A great many people of our current iPod generation have missed out on some of the most brilliant, daring and artistic endeavours in film during the sixties and seventies. That was a period when film still held onto its artistic impulse, when the modern day blockbuster, complete with stunning visual effects, mind-bogglingly fast action sequences, and miraculously thin story lines and characterisations was still in its infancy. Over time, as some nostalgic folk of the ‘then’ would say, ‘the world has become too fast, and kids today don’t give a damn about deeper stuff’. Indeed it has; through the development of film over the decades, we see – at least a glimpse of – this seemingly reductive summarisation of the vast social and cultural changes in the world. The legendary final scene of this film, where the three principal characters face off, is roughly five minutes long, from the time they implicitly agree to this ‘solution’ to the first ‘bang’ of Eastwood’s pistol. In these five minutes, Leone uses music and recurring shots of the men to create the tension, engineering a sense of finality in the situation that could quite possibly take all three lives. At that critical moment, greater importance is given to this all-encompassing tension, where the entire film’s plot and the journey must culminate in a decisive end, than to the eventual outcome, which would be revealed in all eventuality. As audience, Leone wants us to participate in this tension, to completely transport ourselves into the simmering, immoral West, and feel the presence of death as the characters do, and therefore to achieve a cinematic orgasm that involves both the intellectual and visceral, in turn immortalising it. This painstaking attention to detail, the need to go beyond the bare plot and action, and the urge to create a cinematic environment that transcends, is something that we see too little of today. Indeed, we are privy to this intellectual desire from the very start.
The first shot in the film, of the brusque, brutally masculine face of a minor character (who returns later) that somehow eerily seems directly born out of the harshness of the desert is wonderful example of heightened realism that epitomised films of that time. We can almost smell and feel the sweat on the man’s face; we can delve into his eyes, into his soul, and through it, witness the moral degradation that Leone wants us to observe. This film could easily have been given a title, with something to the effect of earning some ‘dollars’, as are the other two in the trilogy, but Leone decides to punctuate it with an exposition on morality with the title he gives it. As any discerning viewer would infer, it is dichotomous to the nature of the pertinent characters. All three are ‘ugly’, and Leone tries of remind us with his concluding piece that morality is a vague, invariably overlapping concept that is too often oversimplified. Using the west as a setting, we realise that people are too complex, too evil to start with, and any attempt to glorify one is to shun this gruesome reality. This perfectly explains the unique collection of faces in the film, with are all polished with the desert’s sweat that makes them impenetrable to scrutiny of any kind.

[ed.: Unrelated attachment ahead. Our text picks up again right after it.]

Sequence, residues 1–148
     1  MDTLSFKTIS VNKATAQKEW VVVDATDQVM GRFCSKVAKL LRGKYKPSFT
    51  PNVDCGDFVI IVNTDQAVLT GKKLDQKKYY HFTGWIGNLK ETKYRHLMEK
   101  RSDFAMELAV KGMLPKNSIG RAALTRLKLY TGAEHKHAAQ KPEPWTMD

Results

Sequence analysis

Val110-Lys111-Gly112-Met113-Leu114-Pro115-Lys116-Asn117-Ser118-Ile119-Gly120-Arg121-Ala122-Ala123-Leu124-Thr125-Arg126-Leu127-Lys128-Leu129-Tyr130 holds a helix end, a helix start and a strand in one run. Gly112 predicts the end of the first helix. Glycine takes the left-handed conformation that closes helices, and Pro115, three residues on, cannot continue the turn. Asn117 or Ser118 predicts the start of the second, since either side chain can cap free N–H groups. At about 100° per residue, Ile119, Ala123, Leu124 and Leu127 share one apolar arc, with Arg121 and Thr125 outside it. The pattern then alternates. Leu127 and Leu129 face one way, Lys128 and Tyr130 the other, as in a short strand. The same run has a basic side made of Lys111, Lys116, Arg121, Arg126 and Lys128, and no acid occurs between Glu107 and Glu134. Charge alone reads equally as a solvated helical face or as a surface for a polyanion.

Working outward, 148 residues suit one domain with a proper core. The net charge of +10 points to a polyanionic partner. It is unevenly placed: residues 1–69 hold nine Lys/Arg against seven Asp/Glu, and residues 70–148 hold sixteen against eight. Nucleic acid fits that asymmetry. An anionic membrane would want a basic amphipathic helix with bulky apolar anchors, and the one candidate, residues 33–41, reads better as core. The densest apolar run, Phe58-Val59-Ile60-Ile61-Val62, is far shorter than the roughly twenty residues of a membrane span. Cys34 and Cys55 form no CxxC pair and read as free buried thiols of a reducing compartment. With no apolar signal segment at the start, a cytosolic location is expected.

The three adjectives that form the title function almost completely on one side of the moral boundary. And yet, no one can call the film entirely immoral or fatalistic, for we witness traces of humanity in the most absurd of circumstances. Blondie offering a cigar to a dying soldier and providing him warmth is once example of this. Understanding this moral equation, we can then justify the labels given to the three protagonists. Unlike the other two, Blondie keeps his sadistic impulses to a minimum. Also, he tellingly suggests the method of resolution to decide the recipient of the money which leads to the final confrontation scene. Most notably though, he underlines his seeming sense of fairness by taking his rightful share of the money, albeit making it virtually impossible for Tuco to collect his. Unlike him, Angel Eyes shows no pretence of such selflessness, and is perfectly willing to brutalise Tuco (another chilling scene) to get the secret out of him. However, even he believes in simply completing his job, and would not resort to the perfidy that Tuco is culpable of, making him the ‘ugly’ version of humanity. As we see, all three differ from one another only in degree, unlike the ironic suggestion of the title.
Overall, this is a complete auteur’s film, where Leone underscores memorable action sequences with great atmospheric detail and an underlying message that is so finely sewed beneath the more palpable layers that most of us tend to overlook it completely. This may not be the pinnacle of artistic cinema of ‘that’ time, but it reflects the sophistication a film can manifest beneath the superficial layers. Its slowly unraveling scenes and attention to detail is perhaps also a reminder to all of us to stop, and sometimes look at life with a keener eye, instead of being constantly pre-occupied with our daily, routine existence.